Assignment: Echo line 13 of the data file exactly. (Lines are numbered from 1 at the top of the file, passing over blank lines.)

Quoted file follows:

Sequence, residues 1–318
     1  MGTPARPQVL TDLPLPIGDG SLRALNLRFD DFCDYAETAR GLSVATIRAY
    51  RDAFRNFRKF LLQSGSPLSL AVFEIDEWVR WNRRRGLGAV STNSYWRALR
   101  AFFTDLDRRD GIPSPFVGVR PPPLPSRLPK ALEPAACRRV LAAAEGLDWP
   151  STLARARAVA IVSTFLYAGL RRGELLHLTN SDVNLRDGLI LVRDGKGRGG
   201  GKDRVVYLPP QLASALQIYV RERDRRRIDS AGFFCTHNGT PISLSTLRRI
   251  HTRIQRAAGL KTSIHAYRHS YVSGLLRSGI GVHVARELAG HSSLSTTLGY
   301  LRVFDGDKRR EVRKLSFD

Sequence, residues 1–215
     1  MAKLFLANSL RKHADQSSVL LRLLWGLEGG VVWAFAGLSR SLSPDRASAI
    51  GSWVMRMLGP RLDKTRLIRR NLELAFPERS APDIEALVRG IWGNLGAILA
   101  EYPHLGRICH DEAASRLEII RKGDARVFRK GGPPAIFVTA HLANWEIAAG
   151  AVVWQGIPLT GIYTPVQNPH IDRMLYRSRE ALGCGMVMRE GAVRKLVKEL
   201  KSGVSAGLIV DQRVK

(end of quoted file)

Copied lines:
   151  AVVWQGIPLT GIYTPVQNPH IDRMLYRSRE ALGCGMVMRE GAVRKLVKEL